Wednesday, September 4, 2013

Stretching My Abilities. . .

Once the Seasonal change~over begins On Crooked Creektt,
I spend ample time in Studio One re~organizing. 

While placing the past Seasons items back inside my storage tubs,
I decided to try a floral arrangement using the guidelines 
from Faux Florals easy arrangements for all seasons
by Arturo Quintero.



Normally,
all of the above florals would have been disposed of from the past Season.

So~o~o. . .
I felt this was a perfect time to try my hand at floral arranging.

* * * * * * * Tutorial * * * * * * *



I began by using a creamy ivory planter on a footed stand.


"Mr. Ed" had filled this planter with Styrofoam many Seasons ago.

Step 1 Cut the Styrofoam using a serrated knife.
              Insert the foam into the planter so that it fits snugly and rests
              1/2 to 3/4 inch below the rim of the planter.

Step 2 Use wire cutters to trim five stems to 6 inches.
              Insert two stems into the foam at the front right side
              of the planter so that the blossoms hang over the rim.
           
              Insert a floral stem at the back right side,
              another at the back left side, and the remaining at the left side.




* * * Tip * * *
Using one sprig, I unwrapped each section 
giving me the needed five stems 6 inches long.

The same technique can be done if you purchase a floral bush
perhaps passing a $aving onto you in the future!









* * * * * * * * 
Step 3 Continue to fill in with an assortment of florals.
              Be sure to trim each sprig with wire cutters to 6 inches.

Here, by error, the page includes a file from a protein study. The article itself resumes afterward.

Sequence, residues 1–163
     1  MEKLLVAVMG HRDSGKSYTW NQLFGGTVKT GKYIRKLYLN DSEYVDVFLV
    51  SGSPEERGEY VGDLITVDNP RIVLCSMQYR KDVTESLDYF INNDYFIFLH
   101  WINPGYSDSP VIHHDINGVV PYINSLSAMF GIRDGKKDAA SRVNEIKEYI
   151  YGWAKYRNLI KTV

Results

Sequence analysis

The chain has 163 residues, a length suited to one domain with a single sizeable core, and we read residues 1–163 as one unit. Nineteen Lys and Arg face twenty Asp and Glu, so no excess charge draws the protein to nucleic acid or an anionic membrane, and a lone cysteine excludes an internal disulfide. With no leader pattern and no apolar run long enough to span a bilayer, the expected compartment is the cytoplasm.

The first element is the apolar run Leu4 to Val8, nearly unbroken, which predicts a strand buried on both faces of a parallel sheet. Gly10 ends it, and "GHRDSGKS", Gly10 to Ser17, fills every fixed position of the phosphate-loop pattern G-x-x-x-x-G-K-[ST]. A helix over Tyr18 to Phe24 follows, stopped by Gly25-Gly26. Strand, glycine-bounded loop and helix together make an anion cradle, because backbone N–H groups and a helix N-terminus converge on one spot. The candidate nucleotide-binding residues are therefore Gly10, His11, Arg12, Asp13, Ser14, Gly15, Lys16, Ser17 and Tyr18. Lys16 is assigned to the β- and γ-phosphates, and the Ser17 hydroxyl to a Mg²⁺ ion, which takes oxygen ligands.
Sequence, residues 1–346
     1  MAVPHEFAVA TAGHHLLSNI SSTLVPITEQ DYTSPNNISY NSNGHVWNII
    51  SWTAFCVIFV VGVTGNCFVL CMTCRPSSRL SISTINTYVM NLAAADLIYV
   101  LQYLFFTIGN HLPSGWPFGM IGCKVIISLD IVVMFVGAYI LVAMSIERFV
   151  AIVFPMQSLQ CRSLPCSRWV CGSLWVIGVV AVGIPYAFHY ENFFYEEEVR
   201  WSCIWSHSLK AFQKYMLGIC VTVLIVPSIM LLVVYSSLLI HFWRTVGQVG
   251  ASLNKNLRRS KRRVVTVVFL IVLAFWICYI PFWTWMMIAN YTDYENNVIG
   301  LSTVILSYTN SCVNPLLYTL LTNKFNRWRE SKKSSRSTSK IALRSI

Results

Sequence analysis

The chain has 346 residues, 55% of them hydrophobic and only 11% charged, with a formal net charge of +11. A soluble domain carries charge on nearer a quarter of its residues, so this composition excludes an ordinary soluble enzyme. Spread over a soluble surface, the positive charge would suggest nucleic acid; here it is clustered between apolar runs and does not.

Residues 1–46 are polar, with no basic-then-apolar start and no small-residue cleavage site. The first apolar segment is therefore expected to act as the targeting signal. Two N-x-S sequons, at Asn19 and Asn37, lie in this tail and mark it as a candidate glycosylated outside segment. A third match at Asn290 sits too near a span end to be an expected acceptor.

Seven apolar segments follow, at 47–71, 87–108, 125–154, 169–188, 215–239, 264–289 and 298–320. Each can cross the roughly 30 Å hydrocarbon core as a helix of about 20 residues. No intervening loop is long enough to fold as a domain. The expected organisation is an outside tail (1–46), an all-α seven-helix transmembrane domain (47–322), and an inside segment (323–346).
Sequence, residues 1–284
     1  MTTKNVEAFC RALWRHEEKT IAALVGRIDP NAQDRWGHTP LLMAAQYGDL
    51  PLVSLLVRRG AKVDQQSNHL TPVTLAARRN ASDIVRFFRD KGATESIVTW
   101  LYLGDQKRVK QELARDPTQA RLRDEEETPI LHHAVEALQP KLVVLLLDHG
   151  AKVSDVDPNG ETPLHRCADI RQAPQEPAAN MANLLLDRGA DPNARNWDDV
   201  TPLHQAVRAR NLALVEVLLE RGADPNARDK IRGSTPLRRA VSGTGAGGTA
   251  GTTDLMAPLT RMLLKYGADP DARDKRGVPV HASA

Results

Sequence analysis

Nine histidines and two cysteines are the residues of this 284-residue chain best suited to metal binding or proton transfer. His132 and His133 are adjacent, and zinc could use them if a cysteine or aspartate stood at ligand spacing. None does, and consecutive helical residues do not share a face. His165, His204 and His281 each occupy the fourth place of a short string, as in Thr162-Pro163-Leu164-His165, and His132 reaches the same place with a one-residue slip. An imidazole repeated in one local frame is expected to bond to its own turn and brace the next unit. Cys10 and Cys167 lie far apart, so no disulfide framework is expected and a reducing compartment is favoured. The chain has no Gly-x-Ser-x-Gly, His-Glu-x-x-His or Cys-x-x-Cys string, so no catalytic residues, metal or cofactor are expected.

Here, I began adding the assortment of fillers.
             I adore the long leaves on the berry sprigs!





             I used all of the green poofy sprigs, 
             a total of  six to fill out the rest of the planter.

Step 4  Continue to trim the sprigs to 6 inches.
               Insert the florals into the foam, arranging them randomly throughout.




























Step 5 Use remaining florals to fill in any remaining spaces
               or holes in the arrangement.






I could still see glimpses of white Styrofoam along the perimeter of the planter.

By  adding some variegated ivy, 
I was able to the extend the arrangement and camouflage the foam.

* * * * * * * * * * * * * * * * * * * 



Since I used the same hues of florals that are in Studio One's color palette,
I now have a new floral arrangement that was totally free!!!

Using the same technique, 
you could make any Seasonal arrangement in keeping with your current decor.



But since it's always Spring in Studio One. . .
I'm thinking this "no cost" floral arrangement, that stretched my abilities,
nicely fills the space On Crooked Creektt!


Until next time. . .


On Crooked Creektt will be joining 



Be sure to visit for you'll come away inspired
to try something new in your own home decor!



       

8 comments:

Martha said...

Pat -- that's perfect! And FREE to boot! You can't beat that! It's a beautiful arrangement!

Ann@A Sentimental Life said...

Great job, wish I could pull things together like that!

Sandi~A Cottage Muse said...

So pretty Pat and you make it look so easy!

Pinky at Designs by Pinky said...

Your arrangement turned out beautifully, Pat! I always try to buy bushes of things and cut them apart. As far as hiding your foam, I always use moss on the foam before I start the flowers. I also use a product called John Henry whenever I do silks. It is made just for them, and much easier to insert than styrofoam! XO, Pinky

Heaven's Walk said...

Lovely job, sweet Pat! I see a future job for you in a floral shop. :)

xoxo laurie

marty (A Stroll Thru Life) said...

I love it, you did an amazing job and great tutorial too. Isn't it fun to try something different. Hugs, marty

Judy Biggerstaff said...

Good tutorial, glad I have your new blog address. Thanks for the email with the new blog. I am running a little behind right now, so haven't had much time for reading blogs. Hope to get back in the swing of it soon.

podso said...

It's lovely, Pat. Thanks for showing us how you did it!